Do you see the Coupe fitting into Columbia Heights the way the Diner fits into Adams Morgan?
I see the Diner in Adams Morgan as almost like a diner you’d find in Times Square: There’s a lot of people, there’s a lot of other restaurants, there’s heavy activity going on. The 24-hour concept at the Coupe is more like the kind of diner you’d find in a little Brooklyn neighborhood. It’s sort of like this beacon in the middle of the darkness—a cool lit-up corner where people can come in the middle of the night or any time they want.
David Fritzler, who oversees the coffee and bar operations for you, mentioned you’re doing pour-overs at the coffee bar. At such a large space, how do you churn out slow drinks like that without backing up completely?
There are certain things you just cannot speed up. Places have tried to do it. Starbucks moved to fully automatic, where it grinds, taps, and dispenses coffee. I think that takes the art out of coffeehouses. We can produce amazing things without giving up quality. In the case of our coffee, instead of putting in fully automatic machines and going that route, we just have a larger machine. Instead of one grinder, we have three. We have the capability to put two baristas behind the machine to produce more coffee, instead of one barista with a fully automatic machine. We’ll never go that route. I’d rather put more labor there.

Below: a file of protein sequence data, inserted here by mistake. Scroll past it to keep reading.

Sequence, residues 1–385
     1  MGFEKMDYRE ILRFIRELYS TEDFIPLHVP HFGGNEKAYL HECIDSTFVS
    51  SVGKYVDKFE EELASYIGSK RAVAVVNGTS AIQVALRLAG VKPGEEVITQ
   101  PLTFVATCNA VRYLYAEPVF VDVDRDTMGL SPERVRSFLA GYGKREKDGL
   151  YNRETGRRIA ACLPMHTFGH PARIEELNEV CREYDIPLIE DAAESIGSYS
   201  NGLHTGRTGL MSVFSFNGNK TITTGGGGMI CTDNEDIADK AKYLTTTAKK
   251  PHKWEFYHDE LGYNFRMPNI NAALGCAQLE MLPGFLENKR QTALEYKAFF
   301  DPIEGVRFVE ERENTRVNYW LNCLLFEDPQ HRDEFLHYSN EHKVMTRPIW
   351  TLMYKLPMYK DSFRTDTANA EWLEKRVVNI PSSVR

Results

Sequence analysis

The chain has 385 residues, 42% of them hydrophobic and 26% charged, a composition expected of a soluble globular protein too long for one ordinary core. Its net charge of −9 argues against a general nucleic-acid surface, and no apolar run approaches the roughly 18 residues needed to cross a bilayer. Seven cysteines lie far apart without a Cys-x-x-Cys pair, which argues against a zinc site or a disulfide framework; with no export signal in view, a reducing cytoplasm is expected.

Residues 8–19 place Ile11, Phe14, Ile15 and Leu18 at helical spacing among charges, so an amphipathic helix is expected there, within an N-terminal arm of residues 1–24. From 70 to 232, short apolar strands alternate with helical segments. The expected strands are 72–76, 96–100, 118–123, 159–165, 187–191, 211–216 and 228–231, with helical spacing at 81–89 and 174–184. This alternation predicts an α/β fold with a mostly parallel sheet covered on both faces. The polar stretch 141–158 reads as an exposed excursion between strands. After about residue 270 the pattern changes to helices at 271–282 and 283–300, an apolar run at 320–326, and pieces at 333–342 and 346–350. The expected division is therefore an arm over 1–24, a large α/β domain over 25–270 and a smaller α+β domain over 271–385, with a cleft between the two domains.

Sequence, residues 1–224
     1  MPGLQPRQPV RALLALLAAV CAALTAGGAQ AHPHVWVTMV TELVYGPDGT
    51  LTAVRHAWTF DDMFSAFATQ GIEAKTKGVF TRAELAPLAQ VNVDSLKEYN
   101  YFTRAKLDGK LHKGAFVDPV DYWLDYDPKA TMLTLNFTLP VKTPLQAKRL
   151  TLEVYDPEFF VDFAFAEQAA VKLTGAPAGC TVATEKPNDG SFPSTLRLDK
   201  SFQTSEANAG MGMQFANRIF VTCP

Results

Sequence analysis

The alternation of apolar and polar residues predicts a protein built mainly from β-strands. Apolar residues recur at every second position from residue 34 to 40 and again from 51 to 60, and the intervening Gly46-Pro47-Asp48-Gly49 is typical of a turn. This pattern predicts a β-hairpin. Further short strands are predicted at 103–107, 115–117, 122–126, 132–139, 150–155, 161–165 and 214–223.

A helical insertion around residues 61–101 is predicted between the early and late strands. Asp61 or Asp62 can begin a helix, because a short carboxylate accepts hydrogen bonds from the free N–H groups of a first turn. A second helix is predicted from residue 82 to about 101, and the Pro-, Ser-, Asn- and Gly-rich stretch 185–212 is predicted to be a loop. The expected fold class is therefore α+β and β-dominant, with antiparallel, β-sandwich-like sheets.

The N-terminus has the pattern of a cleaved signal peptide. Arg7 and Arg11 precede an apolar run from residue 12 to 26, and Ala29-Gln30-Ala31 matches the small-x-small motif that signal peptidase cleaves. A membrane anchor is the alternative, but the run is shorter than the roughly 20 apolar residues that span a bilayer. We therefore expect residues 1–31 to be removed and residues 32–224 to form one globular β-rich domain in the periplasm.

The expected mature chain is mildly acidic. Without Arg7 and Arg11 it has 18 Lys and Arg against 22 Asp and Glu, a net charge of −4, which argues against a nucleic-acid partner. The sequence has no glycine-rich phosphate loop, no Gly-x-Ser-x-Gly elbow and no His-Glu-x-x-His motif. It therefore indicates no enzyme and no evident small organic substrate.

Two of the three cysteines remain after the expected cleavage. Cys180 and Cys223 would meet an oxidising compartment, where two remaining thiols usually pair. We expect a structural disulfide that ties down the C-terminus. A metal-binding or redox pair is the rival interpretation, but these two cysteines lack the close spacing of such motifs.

And David designed prebatch craft cocktails that can be bottled ahead of time.
David’s concept is really cool. A lot of bars will be reluctant to do [craft cocktails] because, again, it’s volume. People want to crank out drinks. You could pour 15 beers in the time it takes to make one craft cocktail. But that’s not what we’re about. We found a way with this bottling idea to capture the quality and present it to our guests in a really fun way.
Tell us about the chef.
His name is Rob Theriot. We brought him up from Florida. He’s the executive chef for all our places. We brought him in as the executive chef just for the Coupe, but very quickly we put him in charge because he’s a phenomenal guy. The American diner is the most classic thing we produce as a cuisine and as a pastime. That’s part of our culture. What we’re doing are takes on that. Instead of doing Buffalo wings, we’ll be doing frog’s legs. There are still burgers, fries, eggs . . . we provide something a little different, but it’s still comfort food.
The Coupe. 3415 11th St., NW; 202-290-3342.